What’s the geekiest game ever produced? Anyone remember CPU Wars—a top trumps game based on the clock speed, bus speed, transistor count etc of microchips?
Then there was Khet 2.0, a chess-like board game which involved positioning mirrors to direct your laser beam on to your opponent’s Sphinx before he or she did. And any game hoping to top this list would have to beat off strong competition from World of Warcraft, perhaps the best online role playing game.
Now there’s a new pretender to throne thanks to some sterling work by Alexander Hartmann at the University of Oldenburg in Germany. Hartmann is the mastermind behind “Spin Glasses: The Game”, a board game based on the physics of…err… spin glasses. And in the true spirit of Christmas, he’s released it in cut-out form as a free download available now (link below).
Spin glasses may be esoteric but they are also one of the more fascinating phenomena in physics. They are disordered magnets in which the atoms interact with each other to create conflicting configurations that compete with each other for stability.
That makes spin glasses metastable. They can seem firm and constant but a small change to the configuration in one part of the lattice can ripple through the magnet like wildfire.
And that’s exactly what happens in magnetic alloys such as iron-gold, which contains regions of both ferromagnetism and antiferromagnetism, depending on the pattern of orientation of the atoms within it.
Spin glasses are also something of a mystery. When these materials are cooled, they seem to ‘remember’ the magnetic history they experienced at higher temperatures. So when they are heated again, they regain the same magnetic properties as before, as if no cooling had occurred. That’s a puzzle because there is no known mechanism by which this memory effect can occur.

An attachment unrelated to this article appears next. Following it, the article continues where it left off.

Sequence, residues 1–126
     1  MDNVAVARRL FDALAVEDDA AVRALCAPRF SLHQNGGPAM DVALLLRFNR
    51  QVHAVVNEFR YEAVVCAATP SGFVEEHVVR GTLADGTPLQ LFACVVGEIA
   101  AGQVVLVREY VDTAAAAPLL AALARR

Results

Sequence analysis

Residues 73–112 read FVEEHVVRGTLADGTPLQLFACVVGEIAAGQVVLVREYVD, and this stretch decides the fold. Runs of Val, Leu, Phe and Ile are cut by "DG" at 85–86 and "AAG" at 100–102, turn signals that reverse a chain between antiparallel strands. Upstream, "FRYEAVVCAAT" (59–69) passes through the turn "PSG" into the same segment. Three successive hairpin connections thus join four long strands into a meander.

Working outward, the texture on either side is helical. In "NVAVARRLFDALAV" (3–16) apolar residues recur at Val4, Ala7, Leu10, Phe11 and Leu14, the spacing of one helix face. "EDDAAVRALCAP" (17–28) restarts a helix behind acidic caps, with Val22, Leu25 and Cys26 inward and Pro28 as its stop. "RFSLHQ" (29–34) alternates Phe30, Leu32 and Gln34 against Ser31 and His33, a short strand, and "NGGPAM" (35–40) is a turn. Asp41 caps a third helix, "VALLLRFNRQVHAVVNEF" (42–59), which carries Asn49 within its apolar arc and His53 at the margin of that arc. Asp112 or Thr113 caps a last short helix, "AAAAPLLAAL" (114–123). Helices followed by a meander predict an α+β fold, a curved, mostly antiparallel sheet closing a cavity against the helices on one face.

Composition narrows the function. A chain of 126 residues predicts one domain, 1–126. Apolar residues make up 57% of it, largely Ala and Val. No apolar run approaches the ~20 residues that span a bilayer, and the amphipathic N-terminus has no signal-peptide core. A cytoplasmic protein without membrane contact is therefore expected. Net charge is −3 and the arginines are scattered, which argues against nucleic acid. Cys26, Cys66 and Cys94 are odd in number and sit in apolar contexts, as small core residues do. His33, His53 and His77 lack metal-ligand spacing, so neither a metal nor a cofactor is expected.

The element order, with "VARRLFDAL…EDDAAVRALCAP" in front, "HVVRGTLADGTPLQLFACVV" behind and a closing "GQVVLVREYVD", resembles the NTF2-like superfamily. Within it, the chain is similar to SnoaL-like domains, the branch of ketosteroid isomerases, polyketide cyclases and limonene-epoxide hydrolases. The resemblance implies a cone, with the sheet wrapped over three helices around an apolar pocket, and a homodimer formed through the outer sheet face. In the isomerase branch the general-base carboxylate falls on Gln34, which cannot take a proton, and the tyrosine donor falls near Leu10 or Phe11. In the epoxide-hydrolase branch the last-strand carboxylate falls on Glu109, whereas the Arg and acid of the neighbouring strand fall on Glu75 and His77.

But while spin glasses are interesting, they are of limited use. Nobody has ever thought of an application for spin glasses, largely because they only form at temperatures close to absolute zero.
That hasn’t deterred Hartmann, who has reproduced this complexity and excitement in a board game for two players. The ‘atoms’ are counters that are black on one side and white on the other (each player is either black or white).
And these atoms are linked to each other either by a blue ferromagnetic bond or by a red antiferromagnetic bond. So a pair of atoms can exist in six configurations.
The energy of this configuration depends on the pattern of links. For example, a ferromagnetic bond linking two atoms of the same colour has an energy of -1. By contrast, an antiferromagnetic bond linking two atoms of the same colour has an energy of +1.
Since each atom can be surrounded by several bonds, the key quantity is the sum of the energy of the bonds. If this total energy is negative, it is stable. If the energy is positive, however, it is unstable and a player can flip one of the atoms to achieve a lower energy state. This change can of course, spread through the lattice.
The game ends when the lattice is filled with atoms and the winner is the player with the most atoms of their colour on the board.
Simple really, although Hartmann throws in a few surprises to spice things up in the form of action cards that allow players to do things like make more powerful moves.
That’s handy with the festive season upon us. If you’re having trouble picking a present for the geek in your life, you could do worse than download Spin Glasses: The Game. Or better still, buy the actual board game, now available in Germany in German for a very reasonable €14.50 plus postage. Contact email@example.com for details.
It’ll surely trump every other geek game under the Christmas tree. And for that reason, it can only be a matter of time before Spin Glasses: The Gamesweeps the planet in a viral wildfire of board game domination. Rather like a spin glass transition itself.